My World: 'No Man is an Island': Memories of my father
With another Fathers Day approaching, I think back on my own father. He was a complicated man.
With short, wavy hair and prone to being a little overweight in his middle and later years, he had graying hair as long as I can remember. He was 37 when I was born, and already his once jet-black hair was turning gray. He had contracted what was then referred to as sleeping sickness as a young man and it had left him with very poor eyesight. As a result, he wore thick glasses but always with rimless frames. In his later years, he was declared legally blind.
Like my mother, my father was an immigrant to Canada, first having arrived in the United States in 1907 with his mother and siblings from Odessa in the Ukraine, which was then part of Mother Russia. His father had arrived in New York a year or more before the rest of the family. In time, the family moved on to Winnipeg, Manitoba, where my parents eventually met, fell in love and married.
Unlike my mother, my father was so wounded by his immigrant experience he would never talk about it to any extent, and when he did, he often, as I later learned, glossed over or distorted the facts. He was like a combat soldier who could not relate his frontline experiences. They were simply too painful for him. As a result, he did everything in his power to shake off and reject any vestige of the immigrant his accent, Old Country ways or even any recognition of his cultural past.
Unlike most other children whose fathers left for work each day and disappeared for eight or 10 hours, my father, as our local minister, performed his work often in our presence, especially on Sundays. Thus, more than other children, I saw him in his official role preaching, reaching out to others and tending his flock. I recognized early on that he had these kinds of commitments that extended beyond his family, beyond each of us. I accepted his bifurcated professional life without question.
I remember how my father valued education and how he worked to complete his doctorate while still performing his full-time ministerial duties. On evenings and Saturdays, he could be found at his study in the church, working on his dissertation. We were all so proud when he finally completed his degree requirements and was awarded his degree with honors. He wore his doctoral hood at formal occasions with immense pride.
While my mother tended to the needs of our family and taught by her love and actions the values of family, my father taught, by his life and actions, that there was a world outside and beyond our family that needed to be served as well. No man is an island, from John Donne, was one of his favorite quotes.
Growing up, I could recall his work to improve living conditions for migrant laborers, his service on the Governors Task Force for Indian Affairs and his appointment by President Eisenhower to the National Highway Traffic Safety Administration. He was twice awarded the Valley Forge Freedom Medal for his public service. None of his efforts were to proselytize his beliefs, but to better the lives of those who deserved better opportunities in life. But in the process, he lived his beliefs.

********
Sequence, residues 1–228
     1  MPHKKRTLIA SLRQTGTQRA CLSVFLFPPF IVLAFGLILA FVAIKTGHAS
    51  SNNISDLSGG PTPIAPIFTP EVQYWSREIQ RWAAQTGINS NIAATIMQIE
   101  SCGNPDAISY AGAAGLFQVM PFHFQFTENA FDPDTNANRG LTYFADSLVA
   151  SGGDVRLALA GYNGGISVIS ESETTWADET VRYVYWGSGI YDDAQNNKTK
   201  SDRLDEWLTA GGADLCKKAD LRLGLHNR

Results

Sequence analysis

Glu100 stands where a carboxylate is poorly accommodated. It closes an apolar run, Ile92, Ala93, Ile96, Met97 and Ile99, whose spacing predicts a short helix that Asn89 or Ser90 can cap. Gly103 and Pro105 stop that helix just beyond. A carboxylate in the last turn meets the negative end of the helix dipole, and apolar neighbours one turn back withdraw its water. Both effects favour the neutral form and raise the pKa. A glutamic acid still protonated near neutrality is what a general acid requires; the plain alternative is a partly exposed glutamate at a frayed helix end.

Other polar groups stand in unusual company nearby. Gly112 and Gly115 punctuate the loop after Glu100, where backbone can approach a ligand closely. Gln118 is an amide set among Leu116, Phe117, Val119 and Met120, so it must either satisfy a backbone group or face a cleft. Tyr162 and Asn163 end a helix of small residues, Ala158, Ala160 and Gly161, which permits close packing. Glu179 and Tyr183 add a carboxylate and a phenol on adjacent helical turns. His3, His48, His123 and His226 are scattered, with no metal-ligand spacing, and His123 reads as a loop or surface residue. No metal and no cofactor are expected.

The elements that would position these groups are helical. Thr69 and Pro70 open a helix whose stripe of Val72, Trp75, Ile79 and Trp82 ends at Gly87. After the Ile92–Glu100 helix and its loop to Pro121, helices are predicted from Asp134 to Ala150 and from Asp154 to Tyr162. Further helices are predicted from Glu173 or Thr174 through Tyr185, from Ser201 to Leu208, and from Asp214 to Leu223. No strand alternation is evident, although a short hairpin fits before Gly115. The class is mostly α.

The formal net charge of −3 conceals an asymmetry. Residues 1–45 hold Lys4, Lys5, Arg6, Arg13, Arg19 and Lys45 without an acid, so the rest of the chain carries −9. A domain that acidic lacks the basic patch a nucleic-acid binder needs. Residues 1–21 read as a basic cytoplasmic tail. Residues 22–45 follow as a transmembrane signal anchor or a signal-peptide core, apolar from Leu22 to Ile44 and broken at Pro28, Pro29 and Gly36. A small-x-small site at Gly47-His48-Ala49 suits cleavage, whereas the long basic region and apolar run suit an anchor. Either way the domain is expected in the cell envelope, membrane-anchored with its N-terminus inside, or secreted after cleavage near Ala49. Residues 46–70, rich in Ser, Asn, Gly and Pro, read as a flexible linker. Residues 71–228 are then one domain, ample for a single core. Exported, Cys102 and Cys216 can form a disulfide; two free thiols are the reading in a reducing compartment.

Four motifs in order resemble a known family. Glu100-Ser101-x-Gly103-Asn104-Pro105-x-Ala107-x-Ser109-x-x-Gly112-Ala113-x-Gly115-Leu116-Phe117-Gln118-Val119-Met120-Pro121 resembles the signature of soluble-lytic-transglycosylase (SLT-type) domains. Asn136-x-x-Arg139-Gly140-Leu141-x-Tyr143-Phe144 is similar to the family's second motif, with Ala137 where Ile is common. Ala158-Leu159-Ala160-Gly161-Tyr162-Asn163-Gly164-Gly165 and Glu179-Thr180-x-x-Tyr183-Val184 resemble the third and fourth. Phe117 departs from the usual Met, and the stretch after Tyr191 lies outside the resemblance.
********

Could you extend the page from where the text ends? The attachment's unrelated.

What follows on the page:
When he became a minister, my father assumed a solemn and more dignified role in life. While he still enjoyed a good joke, he had a public presence to maintain. It was years before he would drive anything but a black car with black sidewall tires, usually a Packard or a Chrysler. I recall how excited I was as a high school senior to come home from school one day and find my father had purchased a new Buick hardtop convertible with white sidewall Michelin tires and blue leather upholstery. He upped my dateability stature instantly. But still, when it came to dress, even now I see him in my minds eye always wearing a suit and tie, and often a snap-brim fedora-style hat.
My father was an optimist. As he aged, I could see his ability to work gradually diminishing as his eyesight faded and his health grew worse. And I would see small signs of depression from time to time, as he would find he could no longer do something as he had done it in the past. But the depression would never last long. He always found a creative outlet that would allow him to feel alive again. If he could no longer garden, he could have a window box of flowers. If he could no longer care for a window box of flowers, he could have a single potted plant. And so it went. Despite his many health issues as he aged, he never seemed to realize he was old.
Even legally blind, my father still always found ways to know what was going on the in larger world. The Oregon Commission for the Blind provided him with a machine that enlarged type for books and magazines, and he used it daily, reading both the daily newspapers and the weekly news magazines. He was an avid Trail Blazers fan to the end, although he never attended a game and couldnt see the team play on TV. He relied on the voice of Blazers announcer Bill Schonely to follow the action.
So looking back on my own long life, I have come to realize my mothers gift to me and my siblings was our home, rich as it was. But my fathers gift to us was the world.
Yes, no man is an island.
Lake Oswego resident Ronald Talney is a retired trial lawyer, writer and poet. In 1985, he wrote the official dedication poem for the statue Portlandia. Look for his column, My World, on the second Thursday of every month in The Review.